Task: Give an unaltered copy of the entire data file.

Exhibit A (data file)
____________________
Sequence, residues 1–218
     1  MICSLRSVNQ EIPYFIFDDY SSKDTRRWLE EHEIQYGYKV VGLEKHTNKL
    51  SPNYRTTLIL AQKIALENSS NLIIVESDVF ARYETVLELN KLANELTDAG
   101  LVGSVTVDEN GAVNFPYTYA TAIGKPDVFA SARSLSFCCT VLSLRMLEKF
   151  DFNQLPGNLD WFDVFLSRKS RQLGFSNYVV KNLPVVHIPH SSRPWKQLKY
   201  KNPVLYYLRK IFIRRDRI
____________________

Sequence, residues 1–218
     1  MICSLRSVNQ EIPYFIFDDY SSKDTRRWLE EHEIQYGYKV VGLEKHTNKL
    51  SPNYRTTLIL AQKIALENSS NLIIVESDVF ARYETVLELN KLANELTDAG
   101  LVGSVTVDEN GAVNFPYTYA TAIGKPDVFA SARSLSFCCT VLSLRMLEKF
   151  DFNQLPGNLD WFDVFLSRKS RQLGFSNYVV KNLPVVHIPH SSRPWKQLKY
   201  KNPVLYYLRK IFIRRDRI